You can feel the strength of the cellists sweeping their bows across the strings, your diaphragm vibrating with the music.  Up close, you can see this is not effortless work. You can hear details in the playing, individual styles. You can see the look of admiration one musician has for another.  In this case, we could also hear the baby’s squeals – and actually see Brueggergosman’s passionate love for her child.

And was all that not part of the origin of “chamber” music?  Chambre is French for bedroom – where music in that era was played amidst children and perhaps aunts, uncles, grandparents, coming and going.  It was not so much about the precision or perfection of the composed music, listened to in formal silence, but about a total experience.  I imagine such children grew up with that music a part of their souls.

Yes, not like any concert I ever attended.  Here the “vibe” of living happens, leaving us with an unforgettable memory.  Now that’s a world class moment.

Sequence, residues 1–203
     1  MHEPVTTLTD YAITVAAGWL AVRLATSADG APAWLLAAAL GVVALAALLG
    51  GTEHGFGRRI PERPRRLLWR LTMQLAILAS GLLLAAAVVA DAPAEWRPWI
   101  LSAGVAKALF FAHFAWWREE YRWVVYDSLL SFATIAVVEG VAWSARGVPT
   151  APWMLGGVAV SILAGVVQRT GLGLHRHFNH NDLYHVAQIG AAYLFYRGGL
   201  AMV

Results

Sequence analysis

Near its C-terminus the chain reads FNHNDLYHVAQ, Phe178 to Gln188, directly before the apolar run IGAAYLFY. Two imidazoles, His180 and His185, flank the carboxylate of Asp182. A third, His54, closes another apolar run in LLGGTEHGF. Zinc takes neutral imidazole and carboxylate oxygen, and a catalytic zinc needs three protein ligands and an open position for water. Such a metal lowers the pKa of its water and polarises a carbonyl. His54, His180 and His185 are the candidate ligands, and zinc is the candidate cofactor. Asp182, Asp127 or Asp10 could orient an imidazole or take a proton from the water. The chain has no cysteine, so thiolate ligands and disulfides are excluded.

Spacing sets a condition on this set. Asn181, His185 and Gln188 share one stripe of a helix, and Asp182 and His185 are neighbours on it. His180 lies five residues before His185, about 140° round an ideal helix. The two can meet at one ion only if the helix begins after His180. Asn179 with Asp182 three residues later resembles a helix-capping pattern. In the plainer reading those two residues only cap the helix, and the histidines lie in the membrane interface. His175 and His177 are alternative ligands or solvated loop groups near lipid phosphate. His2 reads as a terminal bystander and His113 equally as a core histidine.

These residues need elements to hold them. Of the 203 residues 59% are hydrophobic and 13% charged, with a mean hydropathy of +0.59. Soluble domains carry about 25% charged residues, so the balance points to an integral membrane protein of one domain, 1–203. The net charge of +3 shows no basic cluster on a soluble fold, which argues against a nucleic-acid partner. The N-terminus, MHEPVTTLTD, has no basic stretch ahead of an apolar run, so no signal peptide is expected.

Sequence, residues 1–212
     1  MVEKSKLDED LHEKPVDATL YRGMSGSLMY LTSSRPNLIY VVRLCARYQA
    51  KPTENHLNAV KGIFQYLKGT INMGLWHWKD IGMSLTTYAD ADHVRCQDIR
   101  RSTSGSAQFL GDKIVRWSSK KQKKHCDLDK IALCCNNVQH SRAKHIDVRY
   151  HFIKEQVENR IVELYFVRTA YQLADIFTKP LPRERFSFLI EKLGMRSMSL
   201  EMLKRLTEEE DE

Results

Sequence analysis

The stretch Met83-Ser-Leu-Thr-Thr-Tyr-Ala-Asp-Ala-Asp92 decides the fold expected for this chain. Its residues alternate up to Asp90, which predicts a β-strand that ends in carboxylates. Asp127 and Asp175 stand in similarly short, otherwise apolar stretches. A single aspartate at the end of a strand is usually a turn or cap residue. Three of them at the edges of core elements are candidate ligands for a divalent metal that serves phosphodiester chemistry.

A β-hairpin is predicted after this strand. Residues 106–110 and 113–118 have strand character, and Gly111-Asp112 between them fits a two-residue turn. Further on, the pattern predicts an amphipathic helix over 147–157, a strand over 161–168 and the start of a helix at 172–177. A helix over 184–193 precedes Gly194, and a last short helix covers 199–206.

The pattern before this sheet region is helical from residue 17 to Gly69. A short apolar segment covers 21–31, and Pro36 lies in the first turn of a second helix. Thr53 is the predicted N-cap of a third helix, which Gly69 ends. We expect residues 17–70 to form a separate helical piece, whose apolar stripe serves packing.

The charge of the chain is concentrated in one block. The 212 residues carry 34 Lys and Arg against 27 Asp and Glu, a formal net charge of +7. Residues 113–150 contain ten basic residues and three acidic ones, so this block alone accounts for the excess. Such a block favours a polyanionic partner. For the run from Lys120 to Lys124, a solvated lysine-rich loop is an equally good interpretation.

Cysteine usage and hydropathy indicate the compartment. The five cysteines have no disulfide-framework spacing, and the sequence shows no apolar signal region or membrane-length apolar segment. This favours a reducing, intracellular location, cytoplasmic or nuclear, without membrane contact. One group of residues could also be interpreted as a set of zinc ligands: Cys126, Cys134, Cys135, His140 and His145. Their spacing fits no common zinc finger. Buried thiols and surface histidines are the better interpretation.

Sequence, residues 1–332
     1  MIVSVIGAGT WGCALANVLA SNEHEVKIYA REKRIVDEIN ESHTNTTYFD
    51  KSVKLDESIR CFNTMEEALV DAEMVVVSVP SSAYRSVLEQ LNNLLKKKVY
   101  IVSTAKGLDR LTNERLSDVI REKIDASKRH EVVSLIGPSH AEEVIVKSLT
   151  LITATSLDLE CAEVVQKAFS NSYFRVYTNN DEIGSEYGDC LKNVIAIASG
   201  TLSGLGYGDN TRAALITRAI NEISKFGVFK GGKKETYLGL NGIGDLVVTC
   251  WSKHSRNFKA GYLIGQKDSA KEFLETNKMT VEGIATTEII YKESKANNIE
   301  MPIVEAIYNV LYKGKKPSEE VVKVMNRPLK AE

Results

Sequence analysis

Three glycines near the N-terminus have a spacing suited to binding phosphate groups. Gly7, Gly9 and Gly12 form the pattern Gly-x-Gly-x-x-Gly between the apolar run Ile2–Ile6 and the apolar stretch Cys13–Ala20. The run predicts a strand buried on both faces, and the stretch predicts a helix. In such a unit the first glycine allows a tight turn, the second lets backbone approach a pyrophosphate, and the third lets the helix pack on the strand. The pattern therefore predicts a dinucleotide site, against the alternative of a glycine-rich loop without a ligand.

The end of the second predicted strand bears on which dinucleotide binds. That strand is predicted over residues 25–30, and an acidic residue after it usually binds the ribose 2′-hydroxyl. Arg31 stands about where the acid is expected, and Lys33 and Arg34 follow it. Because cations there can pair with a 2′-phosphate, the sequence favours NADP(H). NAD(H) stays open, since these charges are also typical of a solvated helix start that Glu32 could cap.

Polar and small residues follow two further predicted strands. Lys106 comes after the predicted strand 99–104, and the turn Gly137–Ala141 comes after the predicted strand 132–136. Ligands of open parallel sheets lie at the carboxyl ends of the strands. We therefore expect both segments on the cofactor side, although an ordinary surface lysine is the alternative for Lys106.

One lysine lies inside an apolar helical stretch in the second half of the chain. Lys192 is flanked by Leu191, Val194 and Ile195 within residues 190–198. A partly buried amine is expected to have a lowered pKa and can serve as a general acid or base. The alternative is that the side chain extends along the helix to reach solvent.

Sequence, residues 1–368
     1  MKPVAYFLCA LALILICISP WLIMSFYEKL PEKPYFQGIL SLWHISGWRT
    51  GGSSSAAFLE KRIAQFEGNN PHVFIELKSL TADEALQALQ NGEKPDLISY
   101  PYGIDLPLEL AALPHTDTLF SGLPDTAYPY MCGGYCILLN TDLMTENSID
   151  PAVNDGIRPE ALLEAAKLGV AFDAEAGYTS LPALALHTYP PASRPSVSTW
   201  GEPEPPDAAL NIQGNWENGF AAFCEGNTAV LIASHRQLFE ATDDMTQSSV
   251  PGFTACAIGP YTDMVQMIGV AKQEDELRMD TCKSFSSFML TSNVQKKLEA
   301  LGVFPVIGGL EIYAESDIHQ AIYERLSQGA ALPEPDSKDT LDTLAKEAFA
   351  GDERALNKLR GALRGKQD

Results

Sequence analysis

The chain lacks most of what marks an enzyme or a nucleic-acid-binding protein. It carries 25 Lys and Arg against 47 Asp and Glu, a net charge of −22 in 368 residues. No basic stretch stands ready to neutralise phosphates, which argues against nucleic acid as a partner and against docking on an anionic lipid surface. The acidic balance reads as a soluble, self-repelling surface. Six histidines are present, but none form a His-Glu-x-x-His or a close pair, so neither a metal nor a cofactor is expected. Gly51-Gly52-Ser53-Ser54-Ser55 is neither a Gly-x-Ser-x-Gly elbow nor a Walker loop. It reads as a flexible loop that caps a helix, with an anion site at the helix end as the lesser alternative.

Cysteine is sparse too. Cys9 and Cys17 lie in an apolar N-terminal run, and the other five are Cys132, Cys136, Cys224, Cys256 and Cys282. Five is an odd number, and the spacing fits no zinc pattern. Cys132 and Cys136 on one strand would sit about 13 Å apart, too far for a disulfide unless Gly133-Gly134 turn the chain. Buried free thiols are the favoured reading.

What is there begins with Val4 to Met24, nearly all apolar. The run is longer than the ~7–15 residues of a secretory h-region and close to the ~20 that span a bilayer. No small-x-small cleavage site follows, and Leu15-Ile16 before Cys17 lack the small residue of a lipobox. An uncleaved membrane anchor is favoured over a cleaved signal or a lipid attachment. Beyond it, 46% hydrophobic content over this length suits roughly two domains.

* http://www.colineatock.com/1/post/2013/04/in-praise-of-bad-music.html

** http://tso.ca/Concerts-And-Tickets/Events/2012-2013-Season/Measha-Brueggergosman.aspx

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Rachel + Jane

Two important  books  seem to be meeting each other in my mind these days.   Almost as though the two authors began with a conversation in my head about the environment vs. urban planning, and they’ve gradually come to embrace each other as two sides of the same coin.  Or perhaps two chapters in the same book of life.

Silent Spring, written by Rachel Carson, was published in 1962.  She could probably be credited with almost single-handedly making the environment a public concern.

In 1961, writer Jane Jacobs’ book The Death and Life of Great American Cities  was published.  The book critiqued urban development trends of the day and attributed the decline of many great neighbourhoods to those trends.  Her ideas for improved urban planning have become the “bible” to many urban planners today.

Today, most people seem to realize that environmental degradation and climate change are now a serious threat to human survival.   Most people I know try to do their part by recycling or reusing, and many are even trying to be less materialistic.  Some have watched http://www.storyofstuff.com and felt appropriately shocked or shamed.  So Rachel’s book has had a significant impact.